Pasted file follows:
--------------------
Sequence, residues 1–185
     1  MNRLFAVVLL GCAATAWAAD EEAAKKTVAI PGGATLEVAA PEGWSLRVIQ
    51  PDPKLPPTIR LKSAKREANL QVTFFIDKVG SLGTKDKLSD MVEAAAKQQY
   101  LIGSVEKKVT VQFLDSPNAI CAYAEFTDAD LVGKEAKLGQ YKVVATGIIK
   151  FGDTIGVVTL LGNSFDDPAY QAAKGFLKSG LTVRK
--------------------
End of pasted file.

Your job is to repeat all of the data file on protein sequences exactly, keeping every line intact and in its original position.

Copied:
Sequence, residues 1–185
     1  MNRLFAVVLL GCAATAWAAD EEAAKKTVAI PGGATLEVAA PEGWSLRVIQ
    51  PDPKLPPTIR LKSAKREANL QVTFFIDKVG SLGTKDKLSD MVEAAAKQQY
   101  LIGSVEKKVT VQFLDSPNAI CAYAEFTDAD LVGKEAKLGQ YKVVATGIIK
   151  FGDTIGVVTL LGNSFDDPAY QAAKGFLKSG LTVRK